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Journal Article

First-principles studies of hydrogen interaction with ultrathin Mg and Mg-based alloy films


Yoon,  Mina
Materials Science and Technology Division, Oak Ridge National Laboratory ;
Theory, Fritz Haber Institute, Max Planck Society;

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Yoon, M., Weitering, H. H., & Zhang, Z. (2011). First-principles studies of hydrogen interaction with ultrathin Mg and Mg-based alloy films. Physical review / B, 83: 045413. doi:10.1103/PhysRevB.83.045413.

Cite as: https://hdl.handle.net/11858/00-001M-0000-0011-2D45-5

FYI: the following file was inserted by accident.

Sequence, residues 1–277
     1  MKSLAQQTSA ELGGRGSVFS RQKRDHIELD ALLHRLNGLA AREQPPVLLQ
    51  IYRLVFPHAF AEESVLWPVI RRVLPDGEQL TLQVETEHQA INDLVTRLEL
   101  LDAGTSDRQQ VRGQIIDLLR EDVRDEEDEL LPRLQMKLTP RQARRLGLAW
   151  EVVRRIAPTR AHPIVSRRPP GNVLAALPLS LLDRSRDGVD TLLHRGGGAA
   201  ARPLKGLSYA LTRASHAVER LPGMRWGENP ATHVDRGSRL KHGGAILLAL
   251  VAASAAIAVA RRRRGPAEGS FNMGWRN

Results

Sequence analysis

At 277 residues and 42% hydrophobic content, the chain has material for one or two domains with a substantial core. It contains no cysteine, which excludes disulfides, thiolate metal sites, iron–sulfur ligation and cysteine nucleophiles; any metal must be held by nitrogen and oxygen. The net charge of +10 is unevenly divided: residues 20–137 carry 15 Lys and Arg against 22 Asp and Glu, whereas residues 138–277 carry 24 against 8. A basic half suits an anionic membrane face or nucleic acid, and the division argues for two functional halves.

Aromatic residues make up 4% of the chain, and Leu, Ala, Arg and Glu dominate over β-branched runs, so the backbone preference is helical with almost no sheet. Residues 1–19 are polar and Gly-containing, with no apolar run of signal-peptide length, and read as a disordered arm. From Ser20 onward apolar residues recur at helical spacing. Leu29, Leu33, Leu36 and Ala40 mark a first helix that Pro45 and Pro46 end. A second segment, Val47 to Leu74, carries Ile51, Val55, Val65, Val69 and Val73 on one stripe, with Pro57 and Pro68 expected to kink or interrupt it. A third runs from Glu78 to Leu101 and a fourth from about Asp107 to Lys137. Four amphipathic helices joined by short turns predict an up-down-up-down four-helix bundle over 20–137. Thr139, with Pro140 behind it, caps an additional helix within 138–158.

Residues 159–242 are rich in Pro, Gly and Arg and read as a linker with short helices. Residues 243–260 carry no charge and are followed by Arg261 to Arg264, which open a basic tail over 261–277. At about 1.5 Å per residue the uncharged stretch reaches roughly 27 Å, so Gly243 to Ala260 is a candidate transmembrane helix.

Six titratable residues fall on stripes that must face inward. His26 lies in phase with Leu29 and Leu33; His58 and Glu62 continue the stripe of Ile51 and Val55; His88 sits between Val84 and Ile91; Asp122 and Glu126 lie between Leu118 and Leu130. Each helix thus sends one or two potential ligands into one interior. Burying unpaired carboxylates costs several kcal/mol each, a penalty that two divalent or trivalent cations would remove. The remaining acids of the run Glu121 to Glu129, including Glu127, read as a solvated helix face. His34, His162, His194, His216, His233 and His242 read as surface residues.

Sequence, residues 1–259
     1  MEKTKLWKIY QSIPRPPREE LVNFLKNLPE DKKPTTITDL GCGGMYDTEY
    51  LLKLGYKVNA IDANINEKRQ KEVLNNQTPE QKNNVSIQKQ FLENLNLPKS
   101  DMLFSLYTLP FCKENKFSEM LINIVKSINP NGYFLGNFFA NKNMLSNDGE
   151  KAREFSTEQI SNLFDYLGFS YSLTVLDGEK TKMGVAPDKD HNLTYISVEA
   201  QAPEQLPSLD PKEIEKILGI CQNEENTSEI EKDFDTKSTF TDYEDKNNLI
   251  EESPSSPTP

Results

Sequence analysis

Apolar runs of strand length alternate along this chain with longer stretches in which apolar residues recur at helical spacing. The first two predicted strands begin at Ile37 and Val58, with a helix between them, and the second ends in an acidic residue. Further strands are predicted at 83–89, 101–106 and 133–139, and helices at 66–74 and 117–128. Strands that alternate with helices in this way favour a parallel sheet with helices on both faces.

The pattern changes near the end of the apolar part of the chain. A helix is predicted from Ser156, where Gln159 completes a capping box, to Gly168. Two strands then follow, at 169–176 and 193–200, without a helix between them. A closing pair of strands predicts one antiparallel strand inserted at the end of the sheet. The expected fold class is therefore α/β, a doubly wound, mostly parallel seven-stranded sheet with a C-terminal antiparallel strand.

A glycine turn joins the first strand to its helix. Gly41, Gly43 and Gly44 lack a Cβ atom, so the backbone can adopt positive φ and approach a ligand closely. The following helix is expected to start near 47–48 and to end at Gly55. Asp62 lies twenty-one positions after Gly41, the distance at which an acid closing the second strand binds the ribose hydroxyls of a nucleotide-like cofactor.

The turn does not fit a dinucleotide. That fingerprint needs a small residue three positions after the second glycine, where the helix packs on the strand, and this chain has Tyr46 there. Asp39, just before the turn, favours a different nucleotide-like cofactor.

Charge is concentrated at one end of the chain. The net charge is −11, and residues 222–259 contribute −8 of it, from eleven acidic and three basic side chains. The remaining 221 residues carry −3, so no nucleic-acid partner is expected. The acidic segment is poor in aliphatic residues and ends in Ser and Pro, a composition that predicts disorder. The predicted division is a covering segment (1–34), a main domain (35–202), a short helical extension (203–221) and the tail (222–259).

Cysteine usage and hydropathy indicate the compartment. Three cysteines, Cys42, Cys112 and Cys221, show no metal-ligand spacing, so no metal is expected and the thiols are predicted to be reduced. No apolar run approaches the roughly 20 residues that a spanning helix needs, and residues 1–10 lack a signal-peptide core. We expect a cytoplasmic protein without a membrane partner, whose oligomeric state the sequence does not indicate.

The search for technologically and economically viable storage solutions for hydrogen fuel would benefit greatly from research strategies that involve systematic property tuning of potential storage materials via atomiclevel modification. Here, we use first-principles density-functional theory to investigate theoretically the structural and electronic properties of ultrathin Mg films and Mg-based alloy films and their interaction with atomic hydrogen. Additional delocalized charges are distributed over the Mg films upon alloying them with 11.1% of Al or Na atoms. These extra charges contribute to enhance the hydrogen binding strength to the films.We calculated the chemical potential of hydrogen in Mg films for different dopant species and film thickness, and we included the vibrational degrees of freedom. By comparing the chemical potential with that of free hydrogen gas at finite temperature (T) and pressure (P), we construct a hydrogenation phase diagram and identify the conditions for hydrogen absorption or desorption. The formation enthalpies of metal hydrides are greatly increased in thin films, and in stark contrast to its bulk phase, the hydride state can only be stabilized at high P and T (where the chemical potential of free H2 is very high). Metal doping increases the thermodynamic stabilities of the hydride films and thus significantly helps to reduce the required pressure condition for hydrogen absorption from H2 gas. In particular, with Na alloying, hydrogen can be absorbed and/or desorbed at experimentally accessible T and P conditions